The League Cup competition was the brainchild of Alan Hardaker, who was secretary of the Football League from 1957 to 1979. Hardaker, known as the Godfather of Football, realised a tournament based on two-legged ties would be more financially attractive to lower league members, as opposed to the FA Cup where a small club could go several seasons without ever benefiting from a money-spinning home tie.
Of course, this new 'cup for the common good' did not impress the survival-of-the-fittest brigade in the top division, and six of them immediately refused to enter. "What's the point?" the critics argued. "A more balanced cup competition would mean lower league clubs would rarely progress anyway."
But these detractors were immediately proved wrong in the inaugural competition, in the 1960-61 season, as Second Division Rotherham United finished runners-up to Aston Villa.
The very next year, as if to reiterate the competition's utilitarian nature, Rochdale became the first Fourth Division team to reach a cup final. It was also the first major final not to feature a club from the top league, as Second Division Norwich City went on to lift the trophy.
It was then that the 'big boys' started taking an interest and, in the first of a series of all-top division finals in 1963, sleeping giants Birmingham City gained victory over local rivals Aston Villa. The following year it was the turn of fellow midlanders Stoke City and Leicester City to contest the final - with the Foxes coming out on top.
The lure of the League Cup was growing and 1965 saw the first 'glamour club' take part in a final, with Chelsea beating Leicester 3-2 on aggregate.
European qualification was the proverbial carrot dangled in front of the winners for the 1966 competition. And the late, great Jeff Astle weighed in with a goal as West Bromich Albion beat a West Ham United side containing Bobby Moore, Martin Peters and Geoff Hurst who were to become World Cup heroes a few weeks later.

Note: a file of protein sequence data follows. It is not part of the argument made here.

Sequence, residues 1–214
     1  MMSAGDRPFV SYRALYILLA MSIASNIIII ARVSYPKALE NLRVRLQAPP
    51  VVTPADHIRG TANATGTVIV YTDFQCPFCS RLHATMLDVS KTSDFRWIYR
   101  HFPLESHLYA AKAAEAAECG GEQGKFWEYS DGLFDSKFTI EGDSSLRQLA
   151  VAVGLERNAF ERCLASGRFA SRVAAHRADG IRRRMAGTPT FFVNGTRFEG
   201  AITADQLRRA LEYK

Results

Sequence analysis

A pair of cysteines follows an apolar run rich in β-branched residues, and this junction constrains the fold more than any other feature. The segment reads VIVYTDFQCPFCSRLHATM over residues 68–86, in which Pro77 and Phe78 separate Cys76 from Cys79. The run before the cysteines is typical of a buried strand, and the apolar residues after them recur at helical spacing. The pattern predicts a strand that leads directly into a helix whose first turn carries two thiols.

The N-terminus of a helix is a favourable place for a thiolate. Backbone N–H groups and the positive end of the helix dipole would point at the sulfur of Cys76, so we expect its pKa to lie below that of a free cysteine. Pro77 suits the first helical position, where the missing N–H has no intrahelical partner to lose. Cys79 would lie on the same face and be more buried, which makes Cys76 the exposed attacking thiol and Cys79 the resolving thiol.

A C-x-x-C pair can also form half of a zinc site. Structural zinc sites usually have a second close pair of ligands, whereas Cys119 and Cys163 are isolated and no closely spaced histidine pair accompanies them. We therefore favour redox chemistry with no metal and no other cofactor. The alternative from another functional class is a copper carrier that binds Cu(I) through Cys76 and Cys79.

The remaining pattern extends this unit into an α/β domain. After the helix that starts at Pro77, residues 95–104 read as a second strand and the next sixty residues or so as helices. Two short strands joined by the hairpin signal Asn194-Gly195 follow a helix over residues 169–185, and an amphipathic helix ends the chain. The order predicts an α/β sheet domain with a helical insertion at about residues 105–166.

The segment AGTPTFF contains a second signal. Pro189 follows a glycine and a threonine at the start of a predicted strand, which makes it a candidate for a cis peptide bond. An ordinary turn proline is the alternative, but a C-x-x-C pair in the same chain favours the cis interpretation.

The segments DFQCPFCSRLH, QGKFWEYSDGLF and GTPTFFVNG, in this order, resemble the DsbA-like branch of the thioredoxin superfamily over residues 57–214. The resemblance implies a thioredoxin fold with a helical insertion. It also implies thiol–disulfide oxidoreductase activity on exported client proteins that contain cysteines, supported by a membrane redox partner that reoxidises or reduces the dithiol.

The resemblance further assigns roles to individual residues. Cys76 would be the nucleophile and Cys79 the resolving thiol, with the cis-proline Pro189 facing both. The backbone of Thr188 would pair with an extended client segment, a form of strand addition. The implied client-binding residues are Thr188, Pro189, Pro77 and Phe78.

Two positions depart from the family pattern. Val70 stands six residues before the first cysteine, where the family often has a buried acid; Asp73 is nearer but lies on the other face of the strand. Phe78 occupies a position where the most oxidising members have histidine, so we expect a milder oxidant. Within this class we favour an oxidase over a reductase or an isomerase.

This was the last final to be decided over two legs. The format was unnecessary as the growing popularity of the tournament meant it could now be decided at a neutral venue.and the Twin Towers beckoned.
The romance for the smaller clubs returned with the Wembley ticket: in 1967, a young Rodney Marsh helped QPR on the way to their first proper piece of silverware. They beat West Brom 3-2 and, in the process, became the first Third Division club to win a major trophy. The Super Hoops added to their haul a few weeks later by picking up the Third Division title too. The League Cup was fast becoming the 'Lucky Cup'.The fact that 98,000 fans packed into Wembley for the 1967 final was conclusive proof that the League Cup was now extremely popular. In just seven years it had earned the right to stand alongside the FA Cup as a showpiece final. In every subsequent year, Wembley would be a sell-out.
The 1968 League Cup Final saw a clash of the big guns as Don Revie's Leeds United went head to head with Arsenal and squeezed out a 1-0 win to grab their first major trophy.
The drama continued 12 months later as Third Division Swindon Town defeated the mighty Arsenal 3-1 in one of the greatest cup shocks of all-time. The Robins' achievement was all the more remarkable when you consider the Gunners were to complete the League and FA Cup double just two years later.
In 1969-70 the competition boasted bigger crowds than the FA Cup (FA Cup average attendance was 17,805; League Cup average attendance was 18,851) In that season, the strong Manchester City side of the era defeated West Brom, who were making a record-breaking third appearance in the final. Aston Villa equalled the Baggies' feat in 1971, though this time they returned as a Third Division side and were beaten 2-0 by Tottenham Hotspur.
The Cup's magic was sprinkled again in 1972 as another previously success-starved club had a shot at the big-time. Veteran manager Tony Waddington secured Stoke City's first major trophy against a Chelsea side literally dripping with stars. Meanwhile, the Potters' goalkeeper Gordon Banks picked up another League Cup winners' medal to add to the one he won with Leicester eight years earlier. They would take pride of place either side of a certain other gong from 1966.
Spurs became the first club to win the trophy twice as they defeated Norwich City1-0 in 1973 and in a third consecutive all-top division final in 1974, Wolves beat Manchester City 2-1.